I also had the honour of bringing my daughter Cass with me, so she saw first-hand what I work on in my job every day.  She was pleased to realize she understood what everyone was talking about, and she even had a nice conversation with a curious MPP who asked her what it was like being the caregiver of a cancer patient who received "this immunotherapy stuff."  
She had expressed some nervousness on the way to the event, worried that she might not know what to say if anyone asked her a question, but I assured her she would be great, as she has first-hand experience with the topic at hand... and sure enough she was a fantastic spokesperson!  And who knows, she may have touched a nerve with the gentleman she spoke to, and he may have left the meeting with just that little bit more insight into the reason for the event and the need for government to understand and work to improve. 

After the immunotherapy information session we were invited to attend Question Period!  Thanks to CCSN and to Bill Walker MPP, Cass and I, along with my colleague Louise Binder, Health Policy Consultant (Toronto) with Save Your Skin, were introduced in the Legislative Assembly of Ontario.  It was awesome to hear our names and that of Save Your Skin Foundation go on record in Ontario, an experience I was happy to relay to my boss and friend Kathy Barnard, President & Founder of this Vancouver-based group. Save Your Skin Foundation is a national not-for-profit patient organization, and we were all thrilled to be recognized in Ontario.  We support patients across the country, and have many friends in Ontario, so it was a sweet moment to make it official.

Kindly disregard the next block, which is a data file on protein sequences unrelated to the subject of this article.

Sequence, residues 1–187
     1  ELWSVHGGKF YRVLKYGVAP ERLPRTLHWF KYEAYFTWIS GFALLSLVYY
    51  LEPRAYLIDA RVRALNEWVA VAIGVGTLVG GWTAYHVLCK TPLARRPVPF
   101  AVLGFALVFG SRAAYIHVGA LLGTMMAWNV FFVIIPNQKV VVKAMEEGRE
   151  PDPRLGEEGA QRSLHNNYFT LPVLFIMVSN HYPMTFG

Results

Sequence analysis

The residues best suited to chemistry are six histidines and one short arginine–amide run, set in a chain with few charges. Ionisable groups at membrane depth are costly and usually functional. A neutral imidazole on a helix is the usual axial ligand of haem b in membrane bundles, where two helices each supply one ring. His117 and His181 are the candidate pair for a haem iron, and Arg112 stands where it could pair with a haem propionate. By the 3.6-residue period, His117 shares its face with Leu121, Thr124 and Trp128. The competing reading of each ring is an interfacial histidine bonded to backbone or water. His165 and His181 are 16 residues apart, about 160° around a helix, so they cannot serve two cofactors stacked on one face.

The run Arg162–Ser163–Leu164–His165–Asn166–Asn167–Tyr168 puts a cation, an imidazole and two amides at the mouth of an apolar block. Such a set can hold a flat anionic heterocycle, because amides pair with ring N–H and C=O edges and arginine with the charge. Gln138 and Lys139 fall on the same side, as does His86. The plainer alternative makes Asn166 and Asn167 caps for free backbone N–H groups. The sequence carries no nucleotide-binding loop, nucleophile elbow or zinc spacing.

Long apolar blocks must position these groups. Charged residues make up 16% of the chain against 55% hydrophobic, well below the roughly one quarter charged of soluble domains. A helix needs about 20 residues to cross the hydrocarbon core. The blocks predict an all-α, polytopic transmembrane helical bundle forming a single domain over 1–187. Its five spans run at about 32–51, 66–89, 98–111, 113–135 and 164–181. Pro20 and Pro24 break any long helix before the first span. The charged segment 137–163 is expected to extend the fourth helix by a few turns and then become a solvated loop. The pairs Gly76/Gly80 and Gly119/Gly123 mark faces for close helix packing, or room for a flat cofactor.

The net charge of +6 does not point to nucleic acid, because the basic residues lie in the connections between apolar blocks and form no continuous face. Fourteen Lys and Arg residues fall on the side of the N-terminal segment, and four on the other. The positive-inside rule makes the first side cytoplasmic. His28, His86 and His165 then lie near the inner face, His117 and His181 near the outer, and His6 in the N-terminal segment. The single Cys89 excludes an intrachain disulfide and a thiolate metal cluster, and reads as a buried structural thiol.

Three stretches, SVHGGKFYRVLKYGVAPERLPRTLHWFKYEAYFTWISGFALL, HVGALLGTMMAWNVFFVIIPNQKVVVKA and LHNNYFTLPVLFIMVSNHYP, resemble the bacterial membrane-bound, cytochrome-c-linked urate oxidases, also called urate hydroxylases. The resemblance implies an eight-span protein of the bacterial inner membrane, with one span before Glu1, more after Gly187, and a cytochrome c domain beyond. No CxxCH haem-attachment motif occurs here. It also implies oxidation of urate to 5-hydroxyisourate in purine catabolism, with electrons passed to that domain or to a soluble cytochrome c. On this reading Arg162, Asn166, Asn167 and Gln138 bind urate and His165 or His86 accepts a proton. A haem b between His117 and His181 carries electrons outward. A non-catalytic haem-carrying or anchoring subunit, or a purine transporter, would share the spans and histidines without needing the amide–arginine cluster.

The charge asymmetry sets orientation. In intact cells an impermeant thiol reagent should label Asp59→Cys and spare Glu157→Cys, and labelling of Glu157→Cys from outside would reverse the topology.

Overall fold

Was interesting to witness Question Period too, especially the day after the budget dropped - woo hoo lots of clapping and table-banging theatrics between party representatives! You can view archives of the Question Period HERE. Of course we couldn't take any photos inside the chambers, but at that link you can see what we saw.  Cass and I concur it was worth leaving Meaford at 4am to travel to!   
I also got a look at the new Minister of Health and Long-Term Care for Ontario, so I can picture who I will be addressing in an upcoming letter about melanoma patients' needs in immunotherapy treatment.  :-) 

A few more pics from the day, enjoy...

Oh and as we were walking around the outside of the building too, and I was oooh-ing and ahhh-ing about the architecture and lamenting the history of this building, Cass sweetly breezed past me unconcerned, and with a flip of her hand said "MOM... please remember I just travelled to EUROPE!"  LMAO - point made.  This is not Gaudi.  But I do appreciate the history of our local capital.  Huff.  ;-)

PS - the kid did have a great trip to Italy and Spain, we all survived. LOL  I am proud of her for putting herself far outside her comfort zone and achieving that trip (and daily gelato tastings!)  And I am proud of her twin, for holding her own while her sister was away, and for going to school yesterday while Cass and I went to the city.  Claire - I will ask Mr. Walker for another opportunity to visit Queen's Park, so you too can see the spectacle that can be our government in action.   Love you both!